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Science + Tech

Good News on Immunity and Vaccines. And More Science Journal Findings

The latest roundup of pandemic research gathered by Hakai Magazine.

Brian Owens 26 May 2020 | Hakai Magazine

Brian Owens is a freelance science writer and editor based in St. Stephen, New Brunswick. His work has appeared in Hakai Magazine, Nature, New Scientist, the Canadian Medical Association Journal, The Lancet and others.

Compiled by veteran medical journalist Brian Owens, this roundup of some of the newest science on the COVID-19 pandemic, straight from the scientific journals, is presented by Hakai Magazine in partnership with The Tyee.

Good news on immunity and vaccines

Two studies in monkeys and one in humans have shown promising results when it comes to understanding immunity to COVID-19. The first results from a phase 1 human clinical trial of a potential vaccine have found it safe and able to generate an immune response. The vaccine uses a weakened version of a common cold virus to deliver the genetic code of the SARS-CoV-2 virus’s spike protein. The cells of people who receive the vaccine then use that code to create the protein and develop antibodies to it.

A study in macaques tested a different kind of vaccine that delivers just the spike protein’s genetic code on a tiny circle of DNA. This DNA vaccine effectively protected the monkeys against infection. Yet another study on macaques found that monkeys that had been infected with SARS-CoV-2 developed protective immunity to the virus and could not be reinfected 35 days after their initial infection. Despite these advances, the researchers caution that it will be many months before any vaccine is ready.

The Lancet, May 22, 2020

Science, May 20, 2020

Science, May 20, 2020

Anxious about COVID-19? There’s an app for that

A collection of free mobile apps called IntelliCare, developed at Northwestern University, can significantly reduce anxiety and depression, according to a clinical trial of the apps. The apps offer short exercises to de-stress and reduce worrying. They offer methods to help make life feel more meaningful; mantras to highlight strengths; and strategies for keeping up with daily activities. The developers have also added new content to specifically help people deal with the stresses of the pandemic.

JAMA Psychiatry, May 20, 2020

Rolling cycle of lockdown could help manage pandemic

An alternating cycle of 50 days of strict lockdown followed by 30 days of increased freedom could be an effective way of managing the pandemic. This would lead to a prolonged pandemic period — more than 18 months — but would lead to significantly fewer deaths than a looser lockdown cycle.

European Journal of Epidemiology, May 19, 2020

HakaiTyeePartnershipLogo.jpg

Some patients can still test positive after recovery

A study of 60 people in China who had apparently recovered from COVID-19 found that some appeared to still be infected with SARS-CoV-2 even after they tested negative to standard tests and were discharged from hospital. Ten recovered patients tested positive to alternative tests using throat swabs or stool samples a few days to weeks after they were discharged. Since the patients were isolated at home after discharge, it is unlikely that they were reinfected. This indicates the infection was persistent. It is not clear whether they could still infect other people.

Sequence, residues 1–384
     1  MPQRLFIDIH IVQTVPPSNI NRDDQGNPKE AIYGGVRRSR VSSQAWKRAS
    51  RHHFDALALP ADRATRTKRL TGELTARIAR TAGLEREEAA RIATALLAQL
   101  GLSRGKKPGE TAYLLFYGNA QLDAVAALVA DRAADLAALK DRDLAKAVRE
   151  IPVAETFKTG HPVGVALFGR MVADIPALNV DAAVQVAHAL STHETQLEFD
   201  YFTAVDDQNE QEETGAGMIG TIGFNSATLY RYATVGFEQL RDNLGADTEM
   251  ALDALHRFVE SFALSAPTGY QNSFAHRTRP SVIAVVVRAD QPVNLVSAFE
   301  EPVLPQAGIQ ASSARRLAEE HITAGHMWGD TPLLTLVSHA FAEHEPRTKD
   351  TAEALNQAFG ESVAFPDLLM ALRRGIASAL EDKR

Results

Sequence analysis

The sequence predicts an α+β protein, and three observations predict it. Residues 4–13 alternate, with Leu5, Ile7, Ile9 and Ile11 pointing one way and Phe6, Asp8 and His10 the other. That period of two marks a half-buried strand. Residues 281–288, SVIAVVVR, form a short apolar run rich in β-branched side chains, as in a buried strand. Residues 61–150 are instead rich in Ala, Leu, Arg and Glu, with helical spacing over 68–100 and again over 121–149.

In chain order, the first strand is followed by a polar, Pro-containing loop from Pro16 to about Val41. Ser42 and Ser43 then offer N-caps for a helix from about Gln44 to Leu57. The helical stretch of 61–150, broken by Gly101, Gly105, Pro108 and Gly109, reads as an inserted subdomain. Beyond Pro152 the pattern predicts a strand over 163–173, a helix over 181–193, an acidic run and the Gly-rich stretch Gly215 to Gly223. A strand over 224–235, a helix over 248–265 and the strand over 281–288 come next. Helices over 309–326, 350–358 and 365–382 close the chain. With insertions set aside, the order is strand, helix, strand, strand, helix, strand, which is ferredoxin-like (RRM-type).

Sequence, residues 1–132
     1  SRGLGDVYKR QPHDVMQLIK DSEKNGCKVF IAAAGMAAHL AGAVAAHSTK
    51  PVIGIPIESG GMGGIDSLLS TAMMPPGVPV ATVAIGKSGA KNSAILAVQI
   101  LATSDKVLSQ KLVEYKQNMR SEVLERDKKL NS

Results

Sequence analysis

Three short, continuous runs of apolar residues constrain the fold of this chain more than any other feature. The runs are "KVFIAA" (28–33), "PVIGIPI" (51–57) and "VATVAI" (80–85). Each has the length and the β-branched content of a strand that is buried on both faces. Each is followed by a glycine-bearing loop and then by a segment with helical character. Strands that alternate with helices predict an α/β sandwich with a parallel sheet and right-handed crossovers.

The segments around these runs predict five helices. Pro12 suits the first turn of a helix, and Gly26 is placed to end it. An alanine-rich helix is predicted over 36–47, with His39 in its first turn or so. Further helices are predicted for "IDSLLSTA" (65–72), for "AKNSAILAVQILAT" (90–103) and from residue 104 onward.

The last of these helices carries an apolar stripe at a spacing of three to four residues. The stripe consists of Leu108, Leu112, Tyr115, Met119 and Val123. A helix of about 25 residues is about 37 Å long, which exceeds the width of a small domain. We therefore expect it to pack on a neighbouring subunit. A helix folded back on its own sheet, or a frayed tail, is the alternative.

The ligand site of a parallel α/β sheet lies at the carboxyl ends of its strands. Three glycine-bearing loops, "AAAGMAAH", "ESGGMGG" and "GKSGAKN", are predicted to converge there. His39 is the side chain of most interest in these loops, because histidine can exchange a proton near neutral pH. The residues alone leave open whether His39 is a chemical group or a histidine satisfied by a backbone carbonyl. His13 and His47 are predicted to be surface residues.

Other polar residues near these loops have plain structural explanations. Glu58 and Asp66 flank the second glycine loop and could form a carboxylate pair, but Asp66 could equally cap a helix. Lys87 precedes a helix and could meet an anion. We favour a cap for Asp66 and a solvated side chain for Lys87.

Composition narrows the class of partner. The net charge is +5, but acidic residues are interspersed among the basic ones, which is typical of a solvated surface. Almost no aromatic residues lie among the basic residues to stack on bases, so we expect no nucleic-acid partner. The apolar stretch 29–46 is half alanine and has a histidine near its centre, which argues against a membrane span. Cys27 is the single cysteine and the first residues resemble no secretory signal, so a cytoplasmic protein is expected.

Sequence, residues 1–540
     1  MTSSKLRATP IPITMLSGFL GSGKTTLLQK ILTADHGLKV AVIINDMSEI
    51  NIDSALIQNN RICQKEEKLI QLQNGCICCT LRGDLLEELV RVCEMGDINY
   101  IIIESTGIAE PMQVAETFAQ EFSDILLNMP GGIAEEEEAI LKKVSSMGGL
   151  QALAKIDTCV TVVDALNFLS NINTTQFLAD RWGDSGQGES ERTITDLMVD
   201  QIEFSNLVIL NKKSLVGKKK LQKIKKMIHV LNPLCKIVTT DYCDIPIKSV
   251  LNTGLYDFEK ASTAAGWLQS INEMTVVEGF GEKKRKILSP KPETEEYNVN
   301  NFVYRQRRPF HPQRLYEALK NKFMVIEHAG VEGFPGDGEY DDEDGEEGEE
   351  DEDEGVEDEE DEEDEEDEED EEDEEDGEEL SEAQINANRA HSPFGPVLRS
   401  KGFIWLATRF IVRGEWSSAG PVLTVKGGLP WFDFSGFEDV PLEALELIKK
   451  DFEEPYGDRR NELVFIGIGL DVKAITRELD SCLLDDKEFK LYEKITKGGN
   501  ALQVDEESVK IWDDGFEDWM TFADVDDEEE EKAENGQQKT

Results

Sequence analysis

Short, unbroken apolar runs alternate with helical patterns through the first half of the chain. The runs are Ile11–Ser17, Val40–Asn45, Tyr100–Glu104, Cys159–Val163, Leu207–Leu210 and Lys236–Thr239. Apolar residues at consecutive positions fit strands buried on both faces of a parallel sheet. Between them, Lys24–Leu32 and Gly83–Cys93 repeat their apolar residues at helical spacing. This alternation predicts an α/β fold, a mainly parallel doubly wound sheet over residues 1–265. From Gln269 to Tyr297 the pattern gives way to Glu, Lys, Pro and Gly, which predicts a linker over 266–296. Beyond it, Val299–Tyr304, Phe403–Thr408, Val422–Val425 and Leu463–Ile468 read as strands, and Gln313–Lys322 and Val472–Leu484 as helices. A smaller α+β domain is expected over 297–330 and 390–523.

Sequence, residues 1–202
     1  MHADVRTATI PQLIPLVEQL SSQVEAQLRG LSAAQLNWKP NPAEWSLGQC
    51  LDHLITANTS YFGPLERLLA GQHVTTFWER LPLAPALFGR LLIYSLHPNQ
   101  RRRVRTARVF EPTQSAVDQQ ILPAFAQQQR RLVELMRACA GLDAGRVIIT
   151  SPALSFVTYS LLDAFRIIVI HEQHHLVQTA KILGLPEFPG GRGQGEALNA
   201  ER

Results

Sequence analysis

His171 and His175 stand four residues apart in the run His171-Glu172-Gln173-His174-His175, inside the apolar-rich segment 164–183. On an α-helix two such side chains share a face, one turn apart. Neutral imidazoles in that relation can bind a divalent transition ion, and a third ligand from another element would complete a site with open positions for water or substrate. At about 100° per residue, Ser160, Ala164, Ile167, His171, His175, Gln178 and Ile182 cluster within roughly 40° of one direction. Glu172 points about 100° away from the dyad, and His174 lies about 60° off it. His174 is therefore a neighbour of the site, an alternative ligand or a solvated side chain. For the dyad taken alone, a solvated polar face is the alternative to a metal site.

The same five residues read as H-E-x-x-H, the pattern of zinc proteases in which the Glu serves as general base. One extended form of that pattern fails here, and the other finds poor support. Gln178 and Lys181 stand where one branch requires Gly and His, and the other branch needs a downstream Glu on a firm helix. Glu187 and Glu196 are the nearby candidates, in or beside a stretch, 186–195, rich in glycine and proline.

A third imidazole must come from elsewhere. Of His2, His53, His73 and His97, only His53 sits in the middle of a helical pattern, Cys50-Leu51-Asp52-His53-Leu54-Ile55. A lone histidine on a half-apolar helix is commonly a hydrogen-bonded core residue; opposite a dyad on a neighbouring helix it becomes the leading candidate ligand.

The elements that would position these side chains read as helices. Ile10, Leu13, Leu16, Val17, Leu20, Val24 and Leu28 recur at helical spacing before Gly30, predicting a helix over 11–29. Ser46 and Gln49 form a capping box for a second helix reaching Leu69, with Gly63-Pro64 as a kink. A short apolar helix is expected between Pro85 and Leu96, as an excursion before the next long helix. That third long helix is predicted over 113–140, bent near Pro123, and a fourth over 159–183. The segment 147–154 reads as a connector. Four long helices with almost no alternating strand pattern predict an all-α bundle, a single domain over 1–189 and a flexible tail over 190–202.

JAMA Network Open, May 22, 2020

Fewer, but more severe, strokes in COVID-19 patients

Fewer people suffer strokes as a result of COVID-19 than previously thought, according to a large study in New York. It found that less than one per cent of patients hospitalized with COVID-19 during a one-month period also suffered a stroke, in contrast with smaller studies in China and Italy that reported rates of two to five per cent. But the strokes that did occur tended to be severe — those affected were younger, had worse COVID-19 symptoms, and were at least seven times more likely to die than stroke victims who were not infected.

Stroke, May 20, 2020

Social fragmentation linked to more severe outbreaks in older people

Areas in Italy with higher family fragmentation and more residents in nursing homes experienced the highest rates of COVID-19 infections among people over 80. Researchers had speculated that Italy’s high rates of infection were in part due to greater connectedness between the generations in Italian homes. Instead, this study found that the highest rates of infection among older people were in regions with higher proportions of single-person homes and more people living in nursing homes. The reason for the link is not clear, but the researchers suggest that older people living in the community were better at physical distancing with help from friends and family.

PLOS ONE, May 21, 2020

Why kids are less susceptible to COVID-19

Children express lower levels of the gene that spurs the production of ACE2 receptors in their nasal cells, the virus’s first point of contact with the body. Since ACE2 receptors are how the SARS-CoV-2 virus enter cells, this could help explain why children appear to be less susceptible to COVID-19.

JAMA, May 20, 2020

Dementia gene raises risk of severe COVID-19

Having a faulty gene linked to dementia also doubles the risk of developing severe COVID-19. Carrying two faulty copies of the APOE gene, which increases the risk of dementia by 14 times, also doubles the risk of COVID-19, even in people who did not have dementia. This indicates that the higher risk of infection seen in people with dementia may not be just a result of age or exposure in care homes, but may also have an underlying genetic cause.

Journals of Gerontology, May 26, 2020  [Tyee]

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